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Mr. QUAYLE. I thank the gentleman from Arkansas for yielding and for talking about these important issues, and one thing that I do want to talk about is something you just said: kicking the can down the road. We can no longer afford to do that because every year we do not address and solve the problems related to our mandatory spending, they add close to $10 trillion each year to our unfunded liabilities. Those are the liabilities that are going to be put on the backs of our children and our grandchildren. So kicking the can down the road is no longer an option.
Now, I want to get back to something the gentleman from Arkansas talked about earlier, and that is about making America competitive in the global marketplace. We live in a global economy. Nothing is going to change that, but what America has to do and what we have to do here in the House is to make America the most competitive country on the face of the Earth. We need to make America the best place and the safest place to do business, and that's what we were charged to do when we came in in this 112th Congress, and that's what we've been doing from day one.
Because when we came in here, we said we were going to do two things. We were going to get the American people back to work by creating jobs and pro-growth economic policies, and we were going to rein in our out-of-control Federal spending. And we've been doing that.
Since day one, week by week, we have been addressing our problem with out-of-control government spending. Sometimes it was millions of dollars here, other times it's billions, and still other times it's been trillion dollars of savings to be able to make our country prosperous again. That right there is the charge of my generation and our generation to return America's prosperity. That's what we're doing here in the House. That's what the Republican House majority has been doing since day one of the 112th Congress.
One of the things that we did just a few weeks ago was we passed a 2012 budget plan that sets our fiscal course on the right path. It sets us up so that we will have that prosperity, so that the crushing burden of government spending is not passed on to future generations. Immediately, practically before the vote was even cast, we heard from our friends on the other side of the aisle that we were starting to end Medicare as we know it. Funny thing how short their memory is, because Medicare as we know it was actually ended by the previous Congress when they passed ObamaCare.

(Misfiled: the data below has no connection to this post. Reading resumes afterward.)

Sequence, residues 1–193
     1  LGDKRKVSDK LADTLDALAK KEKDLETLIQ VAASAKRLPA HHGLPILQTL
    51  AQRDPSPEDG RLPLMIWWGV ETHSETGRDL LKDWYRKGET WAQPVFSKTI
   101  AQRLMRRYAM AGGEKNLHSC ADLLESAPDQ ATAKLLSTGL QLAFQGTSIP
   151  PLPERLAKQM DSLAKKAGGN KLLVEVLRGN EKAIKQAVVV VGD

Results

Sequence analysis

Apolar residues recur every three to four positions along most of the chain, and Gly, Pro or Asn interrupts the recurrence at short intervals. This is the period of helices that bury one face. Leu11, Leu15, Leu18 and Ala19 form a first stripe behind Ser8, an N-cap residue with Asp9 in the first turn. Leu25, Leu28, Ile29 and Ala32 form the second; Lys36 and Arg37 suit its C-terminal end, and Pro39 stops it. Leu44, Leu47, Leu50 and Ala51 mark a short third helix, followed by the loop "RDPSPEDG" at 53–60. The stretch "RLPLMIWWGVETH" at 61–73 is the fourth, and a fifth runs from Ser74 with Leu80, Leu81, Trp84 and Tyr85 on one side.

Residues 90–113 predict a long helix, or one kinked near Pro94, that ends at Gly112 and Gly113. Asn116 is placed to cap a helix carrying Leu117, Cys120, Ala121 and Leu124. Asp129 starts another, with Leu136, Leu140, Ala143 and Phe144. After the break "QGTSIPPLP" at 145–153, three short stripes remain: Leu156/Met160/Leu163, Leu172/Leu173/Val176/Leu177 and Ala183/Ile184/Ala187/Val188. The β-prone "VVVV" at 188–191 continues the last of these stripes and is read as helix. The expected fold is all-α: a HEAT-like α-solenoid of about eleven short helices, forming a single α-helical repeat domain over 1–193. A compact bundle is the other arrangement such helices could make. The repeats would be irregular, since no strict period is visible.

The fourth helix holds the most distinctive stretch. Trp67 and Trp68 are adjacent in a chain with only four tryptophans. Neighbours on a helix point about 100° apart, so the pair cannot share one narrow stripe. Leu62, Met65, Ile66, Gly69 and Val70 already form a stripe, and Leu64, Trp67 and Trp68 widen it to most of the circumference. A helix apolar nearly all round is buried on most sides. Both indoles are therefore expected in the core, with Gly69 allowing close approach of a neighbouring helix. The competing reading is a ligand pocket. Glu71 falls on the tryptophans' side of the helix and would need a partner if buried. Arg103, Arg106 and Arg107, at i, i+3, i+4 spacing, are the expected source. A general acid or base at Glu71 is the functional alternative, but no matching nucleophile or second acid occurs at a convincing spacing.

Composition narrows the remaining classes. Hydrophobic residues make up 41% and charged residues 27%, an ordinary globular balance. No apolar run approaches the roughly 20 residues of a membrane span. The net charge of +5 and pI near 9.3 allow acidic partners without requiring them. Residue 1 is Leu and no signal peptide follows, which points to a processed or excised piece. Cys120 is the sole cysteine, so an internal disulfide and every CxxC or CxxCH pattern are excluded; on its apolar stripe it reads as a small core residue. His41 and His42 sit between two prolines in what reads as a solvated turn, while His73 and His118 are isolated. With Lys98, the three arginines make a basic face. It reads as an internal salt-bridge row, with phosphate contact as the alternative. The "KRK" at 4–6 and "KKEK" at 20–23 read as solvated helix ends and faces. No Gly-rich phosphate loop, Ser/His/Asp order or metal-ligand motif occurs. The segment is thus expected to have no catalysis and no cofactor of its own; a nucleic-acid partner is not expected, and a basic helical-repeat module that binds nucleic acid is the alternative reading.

And Medicare as we know it was ended in two different ways. First, they took over $500 billion out of Medicare to fund their government takeover of health care, and the second thing and the most dangerous thing that they did was they established the Independent Payment Advisory Board. What this is, a lot of people don't really know what it is, but it's a bureaucratic 15-person panel that will actually determine how we are going to provide health care to our seniors. Now, these are not elected officials, these are appointed by the President, and they will be making decisions on how to reduce our Medicare costs by actually preventing certain treatments to our patients, to our seniors. This will get in the middle of the doctor-patient relationship, which is one of the most important relationships that there is. We need to have the trust between our doctors and patients and not taking dictates from a 15-person panel of bureaucrats here in Washington, D.C.
The great thing is that there's really no oversight. Now, Congress can go in and say, well, we don't agree with the independent advisory board, but you know what it takes, it takes an act of two-thirds majority in the House to override one of their decisions. Now, I've only been here 4 months, but I can tell you, two-thirds majority is almost near impossible.
So this is what we have to do: we have to educate and tell everybody and get the facts out to the American people because, like the other gentleman from Arkansas said, after the 2012 budget was passed, I, too, had a teletown hall and one of my first questions was from a caller in my district who was on Medicare and asked, Are you really getting rid of Medicare for me because I rely on it. That's when I had to tell her the facts that, no, absolutely not. Those who are in or near retirement, their benefits will not change because they have planned for those benefits to be there. However, we are going to save Medicare from the implosion that will occur if we do nothing because in 9 years, 9 short years, Medicare will be bankrupt and the 2012 budget that the House Republicans passed will save Medicare bankruptcy, put us on strong fiscal footing going forward, and return America's prosperity to future generations.
I thank the gentleman for yielding.
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